Maybe Vancouver got cocky, reading too many glowing press clippings. Maybe Luongo performed his usual fall to earth. Maybe they were just to worn out and beat up from the rigors of three previous hard-fought rounds. All these are distinct possibilities.
Or maybe, just maybe, the Bruins sat in their locker room, looked at one another and reached an agreement. We will be 'almost good enough' no more. This is the right place, the right time, with the right personnel. Let's show them that this bear's claws and teeth are to be feared.
The Bruins exploded like their animal namesake and tore the killer whale clad Canucks to shreds. Then just to show it wasn't a fluke, they did it again. All you had to do was look into the eyes of Tim Thomas and you got the story. We aren't happy with being good. We will be great. We're the better team.
The next game was a hard fought battle from beginning to end as the Canucks gave one final boost to show their mettle. A single fluke goal from a marginally talented spare part snuck behind Thomas and finished the game. The Canucks regained the series lead 3-2.
Unlike previous seasons this didn't have that impending disaster feel that Bruins fans are all too used to. We saw where Vancouver was weak and the return home for the next game proved that observation.
Roberto Luongo helped to trigger his team's demise with his own very poorly chosen words, taking a shot at the heroic Tim Thomas. His claim was that Thomas wasn't providing Luongo with the praise he so richly deserved and even had the gall to critique Thomas's goaltending style. Making matters worse was when Thomas retorted with one simple, bemused line. Smiling he said, "I didn't know it was my job to pump up his tires".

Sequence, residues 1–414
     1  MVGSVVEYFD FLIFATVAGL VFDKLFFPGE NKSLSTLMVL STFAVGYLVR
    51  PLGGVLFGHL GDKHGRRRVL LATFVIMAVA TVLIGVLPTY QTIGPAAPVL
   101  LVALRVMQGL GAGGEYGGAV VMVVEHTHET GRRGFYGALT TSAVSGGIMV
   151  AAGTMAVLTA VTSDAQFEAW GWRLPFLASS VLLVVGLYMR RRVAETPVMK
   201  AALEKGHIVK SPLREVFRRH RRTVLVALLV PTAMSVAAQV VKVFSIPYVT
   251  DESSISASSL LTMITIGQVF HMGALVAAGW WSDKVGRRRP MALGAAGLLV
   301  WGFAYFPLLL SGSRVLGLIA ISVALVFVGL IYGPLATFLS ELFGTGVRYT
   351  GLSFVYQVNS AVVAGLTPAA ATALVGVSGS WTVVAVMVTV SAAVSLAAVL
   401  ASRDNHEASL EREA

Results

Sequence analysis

The dye was cast. The Hockey Gods punish those for hubris. Roberto Luongo, one of the highest paid, longest signed goalies in the NHL was about to be laid low.
The bear could smell blood and that third trip to the garden was fitting set up to that one final apocalyptic moment. The final score was 5-2 Bruins but that score didn't tell the whole story. The Canucks were beaten, emotionally crushed and very scared. The series was tied and all the marbles rested on a single game.
…Back in Vancouver
…Where the Bruins had yet to win.
To its credit Vancouver did try. The Sedin twins did rise from their coma and the Canucks forward pressed hard, getting into Tim Thomas's face and practically up his nose at the games start. Even the most hardened fan (me included) were on the edge of the seat for a few minutes.
It was Patrice Bergeron that fired the shot that finished off the league's best regular season team and Western Conference champs. Three more shots found their mark but the body had already fallen. Thomas had put up a brick wall in net and had already made the conscious decision to put an exclamation point on the first Bruins cup triumph in 39 years, providing his forth shutout of the post-season.
On a personal note I just had to nudge my lovely wife to pause the chick-flick she was watching on her computer and pop out her headphones to witness the Cup carried higher than its ever been held-literally seeing as Zdeno Chara is huge. She was good sport and sat patiently through the ceremony, likely wondering what the fuss was all about but having the good taste not to say anything. At the end she smiled at me and went back to her movie. After 25 years of my yelling shenanigans she's paid her dues in a different way. In her own quiet way she's been a Bruins fan for most of her life as well, she just won't admit it.
And now an estimated million people are funneling into Boston to grab a peace of that black and gold glory. The Burins are the conquering hero and deserve the adulation they receive on this day. Trivial in the grand scheme of things or not those men did fight the good fight and bring pride back to one of the finest cities on earth. I salute them for that.
Now if they could just do it again next season…